## k from lnK

905084274
Posts: 42
Joined: Fri Sep 28, 2018 12:22 am

### k from lnK

how do you find the K value from lnK. For example in problem 11.19 a and b from 6th edition? I never learned this and the solutions manual skips the process...

ian_haliburton_1f
Posts: 61
Joined: Fri Sep 28, 2018 12:24 am

### Re: k from lnK

when you have the ln of something isolated on one side of your equation, you can solve for what’s inside the ln by taking both sides and “exponentiating” them. This means you write
e^()=e^() with whatever was previously on each side of the equation in the parentheses. This works because e^(ln(x)) is just x due to logarithmic properties. So you are left with x=e^(), again with whatever was on the right side of the equation in the parentheses.

Karan Thaker 2L
Posts: 75
Joined: Fri Sep 28, 2018 12:26 am

### Re: k from lnK

You know how you have a -log(H+) to find pH, then to find H+ you raise 10 to the value of the pH? It's the similar thing... ln is just a log that has base e, so you take e and raise it to that power.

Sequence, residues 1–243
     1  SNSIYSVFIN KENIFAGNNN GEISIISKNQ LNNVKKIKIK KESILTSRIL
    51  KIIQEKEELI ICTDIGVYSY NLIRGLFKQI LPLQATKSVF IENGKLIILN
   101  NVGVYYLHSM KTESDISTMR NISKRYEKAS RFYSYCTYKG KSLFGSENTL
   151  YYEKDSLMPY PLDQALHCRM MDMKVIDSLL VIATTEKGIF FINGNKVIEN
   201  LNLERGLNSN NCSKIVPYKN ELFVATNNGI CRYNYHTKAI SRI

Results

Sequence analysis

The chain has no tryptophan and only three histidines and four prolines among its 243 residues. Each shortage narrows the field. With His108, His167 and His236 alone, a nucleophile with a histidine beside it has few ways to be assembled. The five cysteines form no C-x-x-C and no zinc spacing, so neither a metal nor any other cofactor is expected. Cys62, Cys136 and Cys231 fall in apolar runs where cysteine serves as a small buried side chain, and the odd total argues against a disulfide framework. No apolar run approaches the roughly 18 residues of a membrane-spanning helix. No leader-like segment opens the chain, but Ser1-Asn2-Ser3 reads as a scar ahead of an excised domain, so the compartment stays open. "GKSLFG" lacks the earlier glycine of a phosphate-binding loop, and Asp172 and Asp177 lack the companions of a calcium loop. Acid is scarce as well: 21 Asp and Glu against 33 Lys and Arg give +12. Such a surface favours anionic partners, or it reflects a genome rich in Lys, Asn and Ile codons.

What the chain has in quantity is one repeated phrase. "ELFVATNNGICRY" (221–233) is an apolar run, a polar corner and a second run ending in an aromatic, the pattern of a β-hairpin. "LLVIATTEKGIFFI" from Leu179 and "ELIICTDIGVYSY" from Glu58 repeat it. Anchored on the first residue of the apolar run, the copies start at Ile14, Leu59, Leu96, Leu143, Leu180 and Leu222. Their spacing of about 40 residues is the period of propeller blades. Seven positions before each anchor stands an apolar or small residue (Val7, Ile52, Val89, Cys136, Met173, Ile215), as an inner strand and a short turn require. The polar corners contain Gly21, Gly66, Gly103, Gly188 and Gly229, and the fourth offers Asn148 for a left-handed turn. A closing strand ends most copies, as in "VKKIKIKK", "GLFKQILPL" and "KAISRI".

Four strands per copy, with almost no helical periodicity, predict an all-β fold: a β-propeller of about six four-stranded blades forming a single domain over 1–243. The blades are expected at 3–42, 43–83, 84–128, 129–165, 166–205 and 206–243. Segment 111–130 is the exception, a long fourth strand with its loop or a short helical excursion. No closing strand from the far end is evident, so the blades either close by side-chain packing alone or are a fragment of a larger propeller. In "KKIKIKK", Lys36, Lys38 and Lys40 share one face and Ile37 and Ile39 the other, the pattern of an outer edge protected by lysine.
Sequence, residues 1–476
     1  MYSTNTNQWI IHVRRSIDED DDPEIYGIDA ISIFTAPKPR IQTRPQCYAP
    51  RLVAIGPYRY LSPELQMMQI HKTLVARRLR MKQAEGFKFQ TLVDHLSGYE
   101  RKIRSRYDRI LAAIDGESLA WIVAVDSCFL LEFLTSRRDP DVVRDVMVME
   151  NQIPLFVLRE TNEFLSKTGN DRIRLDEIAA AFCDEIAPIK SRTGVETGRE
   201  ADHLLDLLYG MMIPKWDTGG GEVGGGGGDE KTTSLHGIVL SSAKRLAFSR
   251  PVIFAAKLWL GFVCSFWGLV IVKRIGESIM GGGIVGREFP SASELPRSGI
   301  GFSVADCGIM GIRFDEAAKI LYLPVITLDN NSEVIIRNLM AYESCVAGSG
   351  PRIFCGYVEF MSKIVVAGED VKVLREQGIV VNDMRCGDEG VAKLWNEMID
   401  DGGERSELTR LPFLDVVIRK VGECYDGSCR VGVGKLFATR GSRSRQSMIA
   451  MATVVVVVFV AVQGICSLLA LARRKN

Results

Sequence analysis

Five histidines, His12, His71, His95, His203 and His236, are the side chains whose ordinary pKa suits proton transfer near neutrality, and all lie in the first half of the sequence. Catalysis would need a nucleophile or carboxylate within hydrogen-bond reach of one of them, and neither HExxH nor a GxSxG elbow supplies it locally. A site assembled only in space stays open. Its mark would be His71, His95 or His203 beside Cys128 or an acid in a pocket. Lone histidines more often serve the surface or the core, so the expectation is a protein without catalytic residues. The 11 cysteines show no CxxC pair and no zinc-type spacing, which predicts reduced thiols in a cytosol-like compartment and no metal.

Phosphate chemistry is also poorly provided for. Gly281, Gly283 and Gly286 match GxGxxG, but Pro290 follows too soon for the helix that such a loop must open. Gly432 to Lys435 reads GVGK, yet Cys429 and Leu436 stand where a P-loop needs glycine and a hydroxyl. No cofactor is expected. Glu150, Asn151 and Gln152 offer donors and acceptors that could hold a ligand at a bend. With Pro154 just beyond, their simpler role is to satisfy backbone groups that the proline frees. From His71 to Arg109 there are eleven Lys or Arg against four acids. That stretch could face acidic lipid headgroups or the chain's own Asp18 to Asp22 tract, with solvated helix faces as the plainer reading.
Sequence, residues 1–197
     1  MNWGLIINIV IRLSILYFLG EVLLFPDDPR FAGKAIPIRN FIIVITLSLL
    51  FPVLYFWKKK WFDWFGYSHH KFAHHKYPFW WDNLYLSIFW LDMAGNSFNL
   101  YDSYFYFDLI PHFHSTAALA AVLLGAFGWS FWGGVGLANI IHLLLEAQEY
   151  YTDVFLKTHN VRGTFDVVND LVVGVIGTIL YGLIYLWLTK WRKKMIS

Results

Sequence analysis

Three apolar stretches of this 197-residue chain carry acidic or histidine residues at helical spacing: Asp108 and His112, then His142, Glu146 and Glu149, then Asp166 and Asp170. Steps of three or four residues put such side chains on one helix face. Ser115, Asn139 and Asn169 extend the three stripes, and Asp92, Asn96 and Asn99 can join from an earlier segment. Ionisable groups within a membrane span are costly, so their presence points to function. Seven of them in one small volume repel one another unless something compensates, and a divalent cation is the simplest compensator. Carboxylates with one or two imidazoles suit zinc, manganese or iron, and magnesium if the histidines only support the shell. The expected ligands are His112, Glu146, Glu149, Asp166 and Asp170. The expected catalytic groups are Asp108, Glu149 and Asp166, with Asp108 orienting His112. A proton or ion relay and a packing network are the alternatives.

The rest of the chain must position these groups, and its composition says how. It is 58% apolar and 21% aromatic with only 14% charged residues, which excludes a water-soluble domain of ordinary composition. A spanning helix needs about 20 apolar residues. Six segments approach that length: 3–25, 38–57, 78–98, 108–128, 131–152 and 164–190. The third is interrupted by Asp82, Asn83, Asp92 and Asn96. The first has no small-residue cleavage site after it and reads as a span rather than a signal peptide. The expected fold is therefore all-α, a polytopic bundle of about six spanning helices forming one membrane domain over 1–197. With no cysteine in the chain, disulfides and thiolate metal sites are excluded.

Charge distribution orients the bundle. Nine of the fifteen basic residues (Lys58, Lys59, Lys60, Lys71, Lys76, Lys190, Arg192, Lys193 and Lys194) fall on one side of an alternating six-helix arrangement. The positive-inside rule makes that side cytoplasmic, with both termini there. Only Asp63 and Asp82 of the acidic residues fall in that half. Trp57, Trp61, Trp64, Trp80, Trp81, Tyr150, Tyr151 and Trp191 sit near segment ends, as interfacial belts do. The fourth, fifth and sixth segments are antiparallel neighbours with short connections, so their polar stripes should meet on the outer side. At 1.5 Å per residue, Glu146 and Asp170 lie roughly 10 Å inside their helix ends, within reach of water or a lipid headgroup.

A De Castro 14B 2H
Posts: 75
Joined: Fri Sep 28, 2018 12:29 am

### Re: k from lnK

To exhibit the answers above, here's an example: if lnK = 0, then K = e0, making K = 1.

Karan Thaker 2L
Posts: 75
Joined: Fri Sep 28, 2018 12:26 am

### Re: k from lnK

think about it as bases. When we cancel a log, we do it by taking the base of "log" which is 10, and raising it to the power of the value. Here, it is the same principle, except the base is now "e' instead of 10.

Alysa Rallistan 2G
Posts: 32
Joined: Thu Jan 17, 2019 12:16 am

### Re: k from lnK

To get k alone you must raise lnK as the exponent for the number e, this essentially negates the ln and leaves k alone for you to solve